I’ve just returned from Italy and Budapest. Budapest is my new favorite. I want to go back. While my mother and I were in Europe, I had some wonderful opportunities to grow my siddur collection.
First up, my Siddur Derech Haim, the siddur of the oldest and most active Reform congregation in Italy, Milan’s Lev Chadash.
SDH is absolutely unique amongst Reform siddurim, as far as I know. Generally, when we talk about Reform, we’re talking about a Reform of the Ashkenazi rite. This nusach Ashkenaz experienced the enlightenment to a greater extent than the practitioners of any other rite, so this is what Reform comes from. However, the rabbi of Lev Chadash, Rabbi Haim Fabrizio Cipriani has other ideas.
LC was founded by Brits living in Milan, though the group we encountered included Italians, Americans and some French. In its early days, the group used the British Liberal siddur, Lev Chadash. When Cipriani arrived at LC, he set about creating a new siddur. Cipriani, much to my surprise, did not go to either of the European Progressive rabbinical schools. He attended the only remaining traditional Italian rite yeshiva that grants smicha.
So the siddur he created is not a reformation of nusach Ashkenaz, but of the old, much rarer, Italian rite. He told me, if you’re gonna have a Reform in Italy, have it be Italian Reform. I couldn’t agree more.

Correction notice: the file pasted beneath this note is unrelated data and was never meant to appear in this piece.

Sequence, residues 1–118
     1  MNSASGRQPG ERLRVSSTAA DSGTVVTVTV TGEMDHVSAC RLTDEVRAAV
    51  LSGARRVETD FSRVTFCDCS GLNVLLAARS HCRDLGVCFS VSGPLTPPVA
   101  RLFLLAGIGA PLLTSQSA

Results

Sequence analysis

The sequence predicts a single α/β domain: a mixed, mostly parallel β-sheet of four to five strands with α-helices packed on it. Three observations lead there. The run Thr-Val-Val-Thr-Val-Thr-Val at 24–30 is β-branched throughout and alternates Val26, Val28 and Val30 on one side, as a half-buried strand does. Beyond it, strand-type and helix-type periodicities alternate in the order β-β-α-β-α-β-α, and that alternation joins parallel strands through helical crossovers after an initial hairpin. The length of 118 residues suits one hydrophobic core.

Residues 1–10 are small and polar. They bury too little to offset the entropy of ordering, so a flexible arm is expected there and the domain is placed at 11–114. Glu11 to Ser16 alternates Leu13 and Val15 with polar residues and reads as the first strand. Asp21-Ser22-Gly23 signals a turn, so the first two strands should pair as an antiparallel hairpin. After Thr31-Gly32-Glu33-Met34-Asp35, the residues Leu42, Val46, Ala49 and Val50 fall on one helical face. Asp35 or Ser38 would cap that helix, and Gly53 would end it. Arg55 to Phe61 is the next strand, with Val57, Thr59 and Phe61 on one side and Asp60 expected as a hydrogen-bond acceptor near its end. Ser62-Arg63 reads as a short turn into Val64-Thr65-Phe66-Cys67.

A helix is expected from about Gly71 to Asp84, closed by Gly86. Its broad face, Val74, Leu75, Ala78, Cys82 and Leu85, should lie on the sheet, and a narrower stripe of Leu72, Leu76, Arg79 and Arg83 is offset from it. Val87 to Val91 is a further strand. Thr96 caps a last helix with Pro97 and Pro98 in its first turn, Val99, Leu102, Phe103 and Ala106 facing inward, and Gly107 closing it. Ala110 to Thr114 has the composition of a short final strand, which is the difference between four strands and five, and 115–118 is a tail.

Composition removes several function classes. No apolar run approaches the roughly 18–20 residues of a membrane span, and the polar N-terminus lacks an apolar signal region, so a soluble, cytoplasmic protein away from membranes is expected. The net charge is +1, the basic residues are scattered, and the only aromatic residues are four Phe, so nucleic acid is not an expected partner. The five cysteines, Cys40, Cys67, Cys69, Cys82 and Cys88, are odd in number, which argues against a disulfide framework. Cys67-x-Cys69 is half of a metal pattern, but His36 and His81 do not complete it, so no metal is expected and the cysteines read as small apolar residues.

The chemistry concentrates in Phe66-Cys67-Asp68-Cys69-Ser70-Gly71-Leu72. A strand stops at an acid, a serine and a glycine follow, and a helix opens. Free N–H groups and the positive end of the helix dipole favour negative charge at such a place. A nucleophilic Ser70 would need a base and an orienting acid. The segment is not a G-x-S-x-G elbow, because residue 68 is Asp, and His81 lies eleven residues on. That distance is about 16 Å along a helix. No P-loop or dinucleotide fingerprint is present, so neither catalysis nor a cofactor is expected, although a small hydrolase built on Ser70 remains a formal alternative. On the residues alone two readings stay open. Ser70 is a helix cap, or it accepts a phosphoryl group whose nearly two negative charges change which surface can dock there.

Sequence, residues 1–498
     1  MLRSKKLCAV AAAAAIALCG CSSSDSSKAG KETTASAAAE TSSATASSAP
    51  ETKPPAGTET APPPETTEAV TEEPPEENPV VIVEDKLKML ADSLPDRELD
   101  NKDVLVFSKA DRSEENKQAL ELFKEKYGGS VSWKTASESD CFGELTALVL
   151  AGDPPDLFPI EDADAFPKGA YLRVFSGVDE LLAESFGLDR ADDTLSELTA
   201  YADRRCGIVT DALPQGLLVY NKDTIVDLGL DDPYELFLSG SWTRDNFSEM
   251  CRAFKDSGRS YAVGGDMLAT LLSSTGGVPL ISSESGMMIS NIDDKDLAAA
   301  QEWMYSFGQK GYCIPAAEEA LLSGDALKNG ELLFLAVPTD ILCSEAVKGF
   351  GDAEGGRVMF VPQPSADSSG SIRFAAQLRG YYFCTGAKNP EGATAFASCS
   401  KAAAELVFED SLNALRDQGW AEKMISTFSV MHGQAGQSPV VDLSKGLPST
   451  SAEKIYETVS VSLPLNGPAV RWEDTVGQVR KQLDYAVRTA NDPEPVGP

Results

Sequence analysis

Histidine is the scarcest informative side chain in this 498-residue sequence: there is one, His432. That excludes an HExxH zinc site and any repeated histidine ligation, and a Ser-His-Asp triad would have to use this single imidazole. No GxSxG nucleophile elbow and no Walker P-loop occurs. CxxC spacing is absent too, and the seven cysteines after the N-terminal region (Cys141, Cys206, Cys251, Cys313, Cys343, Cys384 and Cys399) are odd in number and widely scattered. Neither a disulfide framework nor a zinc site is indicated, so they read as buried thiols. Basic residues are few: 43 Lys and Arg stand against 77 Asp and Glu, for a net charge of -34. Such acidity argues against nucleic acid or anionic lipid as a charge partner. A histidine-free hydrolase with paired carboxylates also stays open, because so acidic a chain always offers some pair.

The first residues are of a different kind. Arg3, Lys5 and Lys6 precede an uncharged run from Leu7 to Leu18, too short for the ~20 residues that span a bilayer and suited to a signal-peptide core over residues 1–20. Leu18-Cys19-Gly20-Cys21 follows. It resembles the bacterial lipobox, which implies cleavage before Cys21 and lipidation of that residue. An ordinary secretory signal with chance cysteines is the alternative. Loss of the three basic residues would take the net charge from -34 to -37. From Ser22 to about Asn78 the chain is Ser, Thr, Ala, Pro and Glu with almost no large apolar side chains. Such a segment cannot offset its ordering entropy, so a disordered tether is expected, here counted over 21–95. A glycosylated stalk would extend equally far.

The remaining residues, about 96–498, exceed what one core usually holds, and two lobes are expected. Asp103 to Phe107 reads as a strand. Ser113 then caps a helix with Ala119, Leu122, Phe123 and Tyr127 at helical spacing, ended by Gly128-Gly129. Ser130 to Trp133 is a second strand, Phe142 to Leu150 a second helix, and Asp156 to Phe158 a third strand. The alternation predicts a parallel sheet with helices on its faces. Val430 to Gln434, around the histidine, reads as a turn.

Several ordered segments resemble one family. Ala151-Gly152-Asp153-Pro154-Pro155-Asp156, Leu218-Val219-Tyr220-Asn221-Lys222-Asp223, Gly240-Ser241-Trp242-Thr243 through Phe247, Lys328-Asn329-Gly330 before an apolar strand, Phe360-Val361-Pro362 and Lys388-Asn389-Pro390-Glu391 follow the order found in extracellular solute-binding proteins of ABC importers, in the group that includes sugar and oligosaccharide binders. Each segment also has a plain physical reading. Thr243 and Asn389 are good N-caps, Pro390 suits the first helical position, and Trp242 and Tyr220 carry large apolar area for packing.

During services, I was repeatedly jarred by remarkably different blocks of Hebrew. But I have some questions, as you’ll see with the next set of siddurim I acquired in Italy.
These two are published by and for what I can only assume are traditional Italian rite synagogues, Siddur Bene Romi and Siddur Bene Romi: Il Mio Siddur. The second is a children’s siddur.
When I got Siddur Derech Haim, I assumed that the vast pieces of unfamiliar text were because of the Italian rite. Indeed, Cipriani told me that he made only minor changes to the Italian rite text, such as imahot. However, Siddur Bene Romi is much closer to the Ashkenazi text.
I purchased SBR at the Jewish museum in the Venetia ghetto, where I also learned that Italy has very old Ashkenazi communities. If that’s the case, perhaps this reflects the rite of those communitites? This page has shed some light on the subject, I’m still not sure what’s going on. Anyone have any light to shed on this?